Less than two weeks later, few can argue with the results.
New head coach Tyronn Lue has seemingly transformed the Cavs in just five games, emphasizing ball movement, a faster pace and a desire to have fun again. The early returns have been promising, as Cleveland has won four in a row, including a 117-103 beatdown of the San Antonio Spurs on Saturday.
At the time, it may have seemed asinine to fire Blatt, who was just months removed from an appearance in the NBA Finals, owned the best record in the Eastern Conference and had been on the job for just a year-and-a-half—but it has jump-started the Cavaliers as they try to join the NBA's elite.
The general consensus is that Lue has been tough yet fair in his expectations of individuals and the team.
Lue had a number of roles in his 11-year career as a player. From a starter to a sixth man to being left out of a rotation, this extensive experience gave him the unique ability to connect with players of all levels.
"We're making a conscious effort to do what Coach Lue wants us to do," LeBron James said. "He's done a great job clearing the air with what he expects out of all of us."
"A lot of coaches just don't know how to communicate, so therefore they don't, and it causes different problems," Mo Williams said, via Chris Haynes of Cleveland.com. "The better you communicate with your players, it goes with years in the league. ... The older you get, the more years you get, the more experience you have, it's more of a partnership."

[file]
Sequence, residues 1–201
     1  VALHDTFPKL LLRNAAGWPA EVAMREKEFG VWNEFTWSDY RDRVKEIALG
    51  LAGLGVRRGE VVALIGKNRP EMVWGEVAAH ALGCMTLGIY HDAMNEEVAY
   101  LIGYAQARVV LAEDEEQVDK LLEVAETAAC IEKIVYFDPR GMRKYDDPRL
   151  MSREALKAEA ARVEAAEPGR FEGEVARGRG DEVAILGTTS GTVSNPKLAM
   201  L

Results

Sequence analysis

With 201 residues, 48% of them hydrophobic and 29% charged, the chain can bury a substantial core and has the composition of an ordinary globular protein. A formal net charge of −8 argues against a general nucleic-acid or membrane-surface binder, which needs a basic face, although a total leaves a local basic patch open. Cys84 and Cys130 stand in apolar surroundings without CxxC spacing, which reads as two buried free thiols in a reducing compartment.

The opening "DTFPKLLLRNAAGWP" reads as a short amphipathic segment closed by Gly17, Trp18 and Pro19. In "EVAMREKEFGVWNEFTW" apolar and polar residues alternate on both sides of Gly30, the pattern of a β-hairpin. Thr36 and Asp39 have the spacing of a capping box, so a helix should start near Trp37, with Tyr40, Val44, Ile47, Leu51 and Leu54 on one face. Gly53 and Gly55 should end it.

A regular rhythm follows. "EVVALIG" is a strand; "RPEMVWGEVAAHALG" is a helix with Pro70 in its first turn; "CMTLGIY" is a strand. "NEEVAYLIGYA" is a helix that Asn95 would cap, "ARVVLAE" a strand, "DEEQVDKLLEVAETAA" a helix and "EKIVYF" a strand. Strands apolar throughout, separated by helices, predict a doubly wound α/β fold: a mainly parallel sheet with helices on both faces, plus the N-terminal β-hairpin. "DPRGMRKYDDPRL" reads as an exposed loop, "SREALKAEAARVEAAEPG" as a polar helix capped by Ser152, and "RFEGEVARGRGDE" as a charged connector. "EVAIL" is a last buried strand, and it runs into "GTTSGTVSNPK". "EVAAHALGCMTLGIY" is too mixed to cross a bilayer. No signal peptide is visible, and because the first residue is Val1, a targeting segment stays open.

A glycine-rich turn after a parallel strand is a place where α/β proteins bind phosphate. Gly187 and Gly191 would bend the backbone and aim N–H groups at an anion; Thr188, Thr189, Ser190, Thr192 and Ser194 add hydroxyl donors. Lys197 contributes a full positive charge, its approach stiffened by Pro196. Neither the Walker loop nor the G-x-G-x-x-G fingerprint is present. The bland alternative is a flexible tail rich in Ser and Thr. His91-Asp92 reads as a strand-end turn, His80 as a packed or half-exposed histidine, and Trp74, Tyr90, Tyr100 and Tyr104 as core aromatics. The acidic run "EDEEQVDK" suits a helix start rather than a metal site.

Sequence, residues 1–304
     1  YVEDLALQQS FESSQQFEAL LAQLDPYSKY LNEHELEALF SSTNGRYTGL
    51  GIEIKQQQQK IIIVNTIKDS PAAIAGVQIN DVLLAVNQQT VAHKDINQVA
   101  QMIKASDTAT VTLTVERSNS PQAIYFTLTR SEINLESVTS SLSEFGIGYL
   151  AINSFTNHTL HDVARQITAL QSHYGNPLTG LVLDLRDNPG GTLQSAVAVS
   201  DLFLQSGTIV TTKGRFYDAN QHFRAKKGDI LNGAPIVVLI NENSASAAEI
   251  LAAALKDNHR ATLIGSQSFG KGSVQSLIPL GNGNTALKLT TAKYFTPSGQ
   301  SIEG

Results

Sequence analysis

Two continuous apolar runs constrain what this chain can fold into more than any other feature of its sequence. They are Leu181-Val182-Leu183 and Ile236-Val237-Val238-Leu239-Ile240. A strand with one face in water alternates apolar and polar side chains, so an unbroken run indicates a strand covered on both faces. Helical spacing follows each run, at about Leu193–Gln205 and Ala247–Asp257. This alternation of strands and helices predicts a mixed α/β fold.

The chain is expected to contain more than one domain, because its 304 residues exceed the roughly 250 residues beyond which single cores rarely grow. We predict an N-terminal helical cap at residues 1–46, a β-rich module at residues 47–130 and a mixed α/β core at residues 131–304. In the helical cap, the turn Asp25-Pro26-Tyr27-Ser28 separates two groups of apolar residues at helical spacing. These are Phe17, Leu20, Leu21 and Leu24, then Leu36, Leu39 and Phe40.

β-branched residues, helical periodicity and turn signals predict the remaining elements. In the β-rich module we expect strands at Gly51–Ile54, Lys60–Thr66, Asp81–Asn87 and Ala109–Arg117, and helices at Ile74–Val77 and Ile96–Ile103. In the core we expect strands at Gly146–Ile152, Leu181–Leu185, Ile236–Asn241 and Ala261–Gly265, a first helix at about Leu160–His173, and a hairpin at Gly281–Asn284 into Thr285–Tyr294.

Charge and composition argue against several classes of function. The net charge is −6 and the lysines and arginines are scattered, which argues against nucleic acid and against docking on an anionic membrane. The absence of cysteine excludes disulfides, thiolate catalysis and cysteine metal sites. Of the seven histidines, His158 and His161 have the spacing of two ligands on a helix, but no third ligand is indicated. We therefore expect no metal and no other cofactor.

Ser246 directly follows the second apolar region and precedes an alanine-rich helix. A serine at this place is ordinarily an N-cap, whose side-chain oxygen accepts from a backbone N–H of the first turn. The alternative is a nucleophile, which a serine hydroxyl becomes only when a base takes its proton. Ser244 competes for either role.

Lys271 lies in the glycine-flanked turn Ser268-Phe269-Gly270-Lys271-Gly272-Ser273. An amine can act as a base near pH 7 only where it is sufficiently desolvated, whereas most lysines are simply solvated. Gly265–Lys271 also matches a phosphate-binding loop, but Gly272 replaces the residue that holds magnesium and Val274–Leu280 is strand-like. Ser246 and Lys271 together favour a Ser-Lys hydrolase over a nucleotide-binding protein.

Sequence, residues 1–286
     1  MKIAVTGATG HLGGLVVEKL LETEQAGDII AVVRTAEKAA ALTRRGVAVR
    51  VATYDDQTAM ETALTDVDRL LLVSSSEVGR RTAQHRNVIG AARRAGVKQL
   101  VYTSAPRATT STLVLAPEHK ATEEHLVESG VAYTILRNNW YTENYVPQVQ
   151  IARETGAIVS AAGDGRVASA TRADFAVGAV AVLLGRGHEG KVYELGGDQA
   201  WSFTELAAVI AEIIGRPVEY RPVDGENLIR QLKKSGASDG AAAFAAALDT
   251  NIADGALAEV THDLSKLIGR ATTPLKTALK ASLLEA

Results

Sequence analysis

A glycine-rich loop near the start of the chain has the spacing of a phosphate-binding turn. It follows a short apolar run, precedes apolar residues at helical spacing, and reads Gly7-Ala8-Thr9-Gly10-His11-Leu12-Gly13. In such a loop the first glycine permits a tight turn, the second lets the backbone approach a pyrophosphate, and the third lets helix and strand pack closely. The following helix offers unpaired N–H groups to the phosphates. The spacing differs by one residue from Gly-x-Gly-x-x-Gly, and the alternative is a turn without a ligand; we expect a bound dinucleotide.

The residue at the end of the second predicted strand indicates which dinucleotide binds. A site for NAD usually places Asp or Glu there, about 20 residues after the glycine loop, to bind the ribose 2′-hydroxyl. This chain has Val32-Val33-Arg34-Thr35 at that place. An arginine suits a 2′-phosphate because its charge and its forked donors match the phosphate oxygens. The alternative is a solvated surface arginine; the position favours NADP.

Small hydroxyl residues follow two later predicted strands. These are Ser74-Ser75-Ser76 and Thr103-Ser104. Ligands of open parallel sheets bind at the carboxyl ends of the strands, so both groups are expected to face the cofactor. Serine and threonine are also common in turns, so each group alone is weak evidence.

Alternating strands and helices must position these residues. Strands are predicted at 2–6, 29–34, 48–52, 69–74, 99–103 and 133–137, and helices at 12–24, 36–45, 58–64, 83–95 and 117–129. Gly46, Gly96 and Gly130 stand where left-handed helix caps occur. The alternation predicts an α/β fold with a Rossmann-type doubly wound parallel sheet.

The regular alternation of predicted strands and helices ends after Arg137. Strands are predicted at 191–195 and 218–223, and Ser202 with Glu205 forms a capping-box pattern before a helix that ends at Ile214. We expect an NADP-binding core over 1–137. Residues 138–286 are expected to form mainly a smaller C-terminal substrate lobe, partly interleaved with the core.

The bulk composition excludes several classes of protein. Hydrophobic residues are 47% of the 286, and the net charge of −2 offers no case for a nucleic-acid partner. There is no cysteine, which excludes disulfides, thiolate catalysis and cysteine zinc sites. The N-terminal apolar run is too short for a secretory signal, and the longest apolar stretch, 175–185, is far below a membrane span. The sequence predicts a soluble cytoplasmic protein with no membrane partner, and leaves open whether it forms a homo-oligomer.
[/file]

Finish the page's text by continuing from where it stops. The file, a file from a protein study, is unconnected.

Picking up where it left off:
It's this kind of partnership that has allowed Lue to be successful no matter where he's coached, from his time as an assistant under Doc Rivers with the Boston Celtics and Los Angeles Clippers to his new gig as the head man in Cleveland.
More praise has poured in for Lue in a week than it seems was ever present for Blatt, and that's partly due to a change in style.
"I think we're playing at a faster pace," Kevin Love said. "Guys aren't thinking out there, they're just playing."
Significance of Victory over Spurs
While it was just one win, beating San Antonio went a long way in boosting the confidence of a group still working to find itself.
Cleveland entered Saturday night with an 0-5 record against the Spurs, Golden State Warriors and Chicago Bulls this season. But the Cavs came away with their signature win of the campaign, hanging 117 points on the NBA's best defensive unit.
Cleveland's Big Three combined for 71 points, and each scored 20 or more for the second consecutive game.
"I think our team responded well, playing fast, getting easy shots, Kyrie [Irving] and LeBron attacking early and then Kevin in the low post and making jump shots," Lue said. "I thought tonight was a picture-perfect way of how we want to play. The guys came out and executed it."
While players like to toss around the phrase "one of 82" in an attempt to downplay both wins and losses, it was clear this game was different. San Antonio had won 11 of the previous 12 meetings between the two franchises and set the standard long ago for what a Big Three should be.
It's what Lue wants to emulate.
"Those guys bought in from Day 1: Tim (Duncan), (Manu) Ginobili and Tony Parker," Lue said. "That's the kind of thing I want here in Cleveland. If I get my top three guys to buy in, everyone else will fall in line."